Monday, October 28, 2013

The Fame Monster (2009)

By Fall of 2009, The Fame was still fresh in our minds, with "Paparazzi" being released just a few months prior. However, unlike many mainstream artists before her, Lady Gaga knew not to ride out the success of just one record for too long. When her Fame Ball Tour ended in September, she announced a new CD, entitled The Fame Monster. Though it wasn't a full-length album, rather it was originally meant to be a "DLC add-on" to The Fame, hence the similar naming scheme.

Though this is, by definition, an EP (including only eight songs), most people(myself included) consider it Lady Gaga's second album, so I will refer to it as such for all intents and purposes. It was packaged in a two-disc set, with the second disc containing every song from The Fame.

As the title might suggest, this record was meant to delve into the darker side of fame (though her first album did that at several points already). Once again, themes are rather varied here. Each song is based on a "monster" representing one of Gaga's fears. Filled with gratuitous reference to pleasuring oneself, "So Happy I Could Die" touches on the fear of alcohol and addiction. The smash-hit lead single, "Bad Romance" refers to the fear of love, and is her biggest hit song even today. Other themes explored include the fear of the truth ("Teeth"), insecurity ("Dance in the Dark"), and even sex and abuse in the title track, "Monster", which I feel is the album's strongest point.

Arguably, the biggest highlight of this CD was its second single, "Telephone", a song Gaga originally wrote for fellow pop star Britney Spears. It features long-time favorite, Beyonce, as a guest. This was Gaga's first time collaborating with a big-name artist, which was impressive back then, as she was still relatively new. The song itself deals with the fear of suffocation (not literally, mind you, more so that of a significant other who's always "in your face"), and the music video serves as a sequel of sorts to "Paparazzi", and had a ton of production put into it. Beyonce's verse is quite brief, but it adds to the song positively. Bey plays a much larger role in the video. Not one to forget where she came from, Gaga returns to her rock-piano ballad roots with "Speechless", a song overflowing with emotion that touches on the fear of death. It was written for her father. The final single, "Alejandro" covers one of the more interesting fears: that of man himself. It's symbolic, yet catchy, much like its predecessors.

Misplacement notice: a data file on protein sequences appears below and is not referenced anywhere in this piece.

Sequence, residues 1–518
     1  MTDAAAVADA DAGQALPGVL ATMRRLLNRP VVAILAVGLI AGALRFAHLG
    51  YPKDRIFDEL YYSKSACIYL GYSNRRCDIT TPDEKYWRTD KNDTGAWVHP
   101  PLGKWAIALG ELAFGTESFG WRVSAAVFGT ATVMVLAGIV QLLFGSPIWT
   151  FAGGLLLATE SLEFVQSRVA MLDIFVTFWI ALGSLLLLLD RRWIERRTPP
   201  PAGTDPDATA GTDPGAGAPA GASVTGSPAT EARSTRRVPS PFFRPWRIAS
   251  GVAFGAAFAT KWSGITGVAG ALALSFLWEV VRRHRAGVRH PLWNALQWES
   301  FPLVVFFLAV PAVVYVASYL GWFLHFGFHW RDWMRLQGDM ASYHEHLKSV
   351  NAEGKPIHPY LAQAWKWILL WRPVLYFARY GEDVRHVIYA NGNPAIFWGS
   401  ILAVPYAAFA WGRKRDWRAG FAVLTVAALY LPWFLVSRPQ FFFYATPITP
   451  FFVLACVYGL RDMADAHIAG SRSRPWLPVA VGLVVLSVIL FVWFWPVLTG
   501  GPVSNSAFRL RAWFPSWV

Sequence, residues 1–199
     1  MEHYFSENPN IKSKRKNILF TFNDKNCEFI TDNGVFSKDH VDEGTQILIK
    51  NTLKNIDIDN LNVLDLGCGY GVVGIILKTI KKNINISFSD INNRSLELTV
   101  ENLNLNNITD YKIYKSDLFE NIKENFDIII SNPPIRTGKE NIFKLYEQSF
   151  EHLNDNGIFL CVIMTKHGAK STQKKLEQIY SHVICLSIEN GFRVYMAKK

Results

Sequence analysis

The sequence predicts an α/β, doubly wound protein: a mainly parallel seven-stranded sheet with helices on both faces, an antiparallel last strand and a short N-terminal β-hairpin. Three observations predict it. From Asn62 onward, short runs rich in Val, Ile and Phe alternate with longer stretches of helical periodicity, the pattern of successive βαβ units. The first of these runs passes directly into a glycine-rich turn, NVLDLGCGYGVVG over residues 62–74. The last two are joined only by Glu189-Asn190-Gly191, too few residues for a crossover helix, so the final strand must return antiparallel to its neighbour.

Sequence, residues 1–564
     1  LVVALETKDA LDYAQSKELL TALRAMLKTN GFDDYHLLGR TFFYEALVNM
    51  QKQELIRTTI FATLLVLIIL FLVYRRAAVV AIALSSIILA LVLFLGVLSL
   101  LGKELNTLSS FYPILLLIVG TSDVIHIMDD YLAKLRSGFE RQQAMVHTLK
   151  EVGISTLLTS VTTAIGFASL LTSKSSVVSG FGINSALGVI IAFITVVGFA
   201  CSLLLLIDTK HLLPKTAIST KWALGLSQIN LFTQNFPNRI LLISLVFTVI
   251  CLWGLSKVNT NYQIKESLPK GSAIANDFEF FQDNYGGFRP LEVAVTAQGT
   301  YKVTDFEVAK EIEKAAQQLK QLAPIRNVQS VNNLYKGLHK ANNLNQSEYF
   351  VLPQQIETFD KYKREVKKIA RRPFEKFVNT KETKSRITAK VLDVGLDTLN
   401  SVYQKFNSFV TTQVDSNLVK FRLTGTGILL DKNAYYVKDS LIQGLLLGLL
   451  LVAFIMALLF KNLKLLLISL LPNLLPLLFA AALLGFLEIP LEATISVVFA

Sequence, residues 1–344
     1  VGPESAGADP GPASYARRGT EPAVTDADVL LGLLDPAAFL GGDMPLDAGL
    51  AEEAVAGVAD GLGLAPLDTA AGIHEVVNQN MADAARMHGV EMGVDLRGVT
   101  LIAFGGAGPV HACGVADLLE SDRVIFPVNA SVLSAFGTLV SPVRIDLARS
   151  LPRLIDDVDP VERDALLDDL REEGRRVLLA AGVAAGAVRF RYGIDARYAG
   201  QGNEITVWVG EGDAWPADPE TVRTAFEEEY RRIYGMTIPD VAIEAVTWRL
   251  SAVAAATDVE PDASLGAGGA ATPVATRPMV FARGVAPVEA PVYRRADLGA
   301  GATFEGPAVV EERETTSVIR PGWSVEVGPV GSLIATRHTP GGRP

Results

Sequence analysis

In closing, I think this record offers a little bit of everything, which is what the Lady is usually best at. It served as a worthy successor to her debut album and, despite its small number of songs, proved good enough to stand on its own. If I had to harp on anything about The Fame Monster, it would be the choice of singles. The three that were chosen, while enjoyable, didn't seem as great as "Monster", "So Happy I Could Die", and the other non-singles. The inclusion of the extra The Fame CD was a good way for newer fans to give her older work a listen, as well as a way to show that the records made a fitting pair. As with her first album, if you want dance-worthy earworms that still have meaning behind them, this might be worth looking into.

Favorite track: Monster
Least favorite track: Alejandro
Overall rating: 9/10

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